• Revenues. The revenue lines are completely open for you to simply type in forecasted revenues, or to create your own logic and calculations to forecast revenues, and then link them into thees revenues lines. You can create more lines for different revenue streams by adding in rows, and making sure the Total line still sums the rows you added. 1
  • Expenses. The expenses lines have a couple example titles, but you can set the names for the expenses however you want. In column D you can choose the accounting treatment for the expense, selecting Cost of Goods Sold (COGS) and Selling, General and Administrative (SG&A), Capital Expenditures (CAPEX), Interest, Depreciation and Amortization, or Inventory Purchases. In Column E you can set a category for the expense, and you can rename those categories in the section directly under the Expenses line. You can add as many rows as you wish to add in more expenses, just make sure the Total Operating Expenses line sums the rows you added.
  • Cash. The cash section takes the beginning cash balance and looks at the change in cash during the period to calculate the ending cash balance. Note that the model can be used for either cash or accrual accounting methods, noting that if you want to use accrual methods you might need to edit this cash section depending on the full accounting impact of the revenues and costs you enter.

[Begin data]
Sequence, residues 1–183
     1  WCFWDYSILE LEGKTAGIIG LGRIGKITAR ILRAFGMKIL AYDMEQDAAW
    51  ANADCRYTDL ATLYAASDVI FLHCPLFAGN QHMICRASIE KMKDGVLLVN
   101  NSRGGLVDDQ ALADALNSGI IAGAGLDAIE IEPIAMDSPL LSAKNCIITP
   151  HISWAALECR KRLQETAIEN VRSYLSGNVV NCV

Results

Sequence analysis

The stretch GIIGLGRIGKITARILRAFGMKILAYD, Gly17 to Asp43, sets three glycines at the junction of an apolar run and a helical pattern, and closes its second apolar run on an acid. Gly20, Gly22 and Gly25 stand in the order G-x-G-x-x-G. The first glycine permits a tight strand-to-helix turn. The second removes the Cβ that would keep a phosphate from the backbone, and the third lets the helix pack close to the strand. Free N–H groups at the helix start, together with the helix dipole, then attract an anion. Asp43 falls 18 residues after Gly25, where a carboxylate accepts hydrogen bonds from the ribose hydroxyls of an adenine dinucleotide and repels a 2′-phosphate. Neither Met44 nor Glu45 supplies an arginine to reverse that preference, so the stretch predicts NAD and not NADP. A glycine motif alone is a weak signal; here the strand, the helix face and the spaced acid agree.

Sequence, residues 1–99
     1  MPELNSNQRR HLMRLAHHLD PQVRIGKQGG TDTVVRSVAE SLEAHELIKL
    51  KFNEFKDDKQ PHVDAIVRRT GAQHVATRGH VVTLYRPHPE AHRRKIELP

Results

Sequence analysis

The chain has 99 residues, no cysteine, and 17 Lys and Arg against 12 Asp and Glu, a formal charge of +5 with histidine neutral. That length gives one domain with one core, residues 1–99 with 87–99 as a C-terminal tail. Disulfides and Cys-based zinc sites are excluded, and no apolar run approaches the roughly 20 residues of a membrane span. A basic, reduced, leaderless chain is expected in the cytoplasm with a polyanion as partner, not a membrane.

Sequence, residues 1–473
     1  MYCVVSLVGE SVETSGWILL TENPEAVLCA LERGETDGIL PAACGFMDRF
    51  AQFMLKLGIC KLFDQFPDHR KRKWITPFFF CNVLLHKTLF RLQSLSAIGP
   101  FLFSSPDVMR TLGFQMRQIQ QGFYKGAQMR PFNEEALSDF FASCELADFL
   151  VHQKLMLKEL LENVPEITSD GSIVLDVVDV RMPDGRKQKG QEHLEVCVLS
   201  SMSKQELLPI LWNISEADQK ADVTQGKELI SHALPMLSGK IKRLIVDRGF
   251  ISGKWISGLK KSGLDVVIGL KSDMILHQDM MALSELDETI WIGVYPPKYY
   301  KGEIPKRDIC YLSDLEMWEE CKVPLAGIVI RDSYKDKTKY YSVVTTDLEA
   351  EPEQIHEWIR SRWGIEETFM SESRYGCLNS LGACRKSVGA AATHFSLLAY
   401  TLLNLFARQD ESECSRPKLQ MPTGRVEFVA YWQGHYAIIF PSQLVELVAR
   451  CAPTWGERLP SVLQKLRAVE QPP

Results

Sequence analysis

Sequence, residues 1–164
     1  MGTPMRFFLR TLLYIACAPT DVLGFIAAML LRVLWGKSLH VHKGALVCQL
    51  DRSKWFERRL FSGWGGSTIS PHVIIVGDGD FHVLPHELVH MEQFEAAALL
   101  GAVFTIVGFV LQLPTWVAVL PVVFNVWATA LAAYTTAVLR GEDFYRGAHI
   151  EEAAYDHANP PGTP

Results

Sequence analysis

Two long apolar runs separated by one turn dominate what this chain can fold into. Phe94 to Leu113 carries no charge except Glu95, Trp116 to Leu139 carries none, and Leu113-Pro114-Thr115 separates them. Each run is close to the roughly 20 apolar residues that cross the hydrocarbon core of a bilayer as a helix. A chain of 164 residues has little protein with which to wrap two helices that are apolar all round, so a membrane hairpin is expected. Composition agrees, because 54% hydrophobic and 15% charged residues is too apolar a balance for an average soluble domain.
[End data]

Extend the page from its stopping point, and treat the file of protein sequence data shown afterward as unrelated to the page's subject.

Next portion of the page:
• Inventory. This optional section takes your revenue forecast and cost of sales input, as well as any inventory purchases tagged in the expenses entered above, and using the inputs around inventory turnover and minimum order quantity, calculates necessary inventory purchases - how much and when - in order to fulfill on the forecasted revenues.
  • Cash Detail. On this sheet you can also input external funding - equity, debt, loans, grants - to model the impact of external funding on cash balances. If debt, the model will automatically calculate out principal payments and interest expense and roll it through the financial statements.
  • CAC and LTV: This optional section helps you calculate your CAC (customer acquisition cost per customer) and LTV (lifetime value of a customer). The section aggregates acquisition-related expenses entered in the expenses section, and then allows you to allocate a percentage of a couple types of salaries (perhaps executives or sales people) to count towards acquisition costs. Since the model by default doesn’t calculate customers, you’ll have to add in a couple lines to calculate CAC per customer if you model that. And since no revenue-generating operational metrics are created by default, you’ll have to calculate the LTV separately.


A core feature of the Starter Model are the consolidated financial statements, consisting of an income statement, balance sheet, and statement of cash flows. For full details on how I construt financial statements, see Explaining Financial Statements ›

Summary and Key Reports

While simple, these are also the first sheets I review when I look at the model. A simple income statement and statement of cash flows tells a lot about a business, and the two charts on the Summary sheet provide a quick summary of revenues and cash. The Key Reports goes into more detail with a graph of cash burn and cash on hand, a summary of the operating expense categories, and a sources and uses.

  1. This may not be obvious, but if you are looking for revenue logic, you can also explore the Free Tools to see if one of the revenue methodologies there can help you forecast revenues. And of course, it’s easy to pull one of the free tools into this model and link the revenues calculated in the other free tool into the Forecast sheet of the Runway and Cash budget. Questions, contact me ›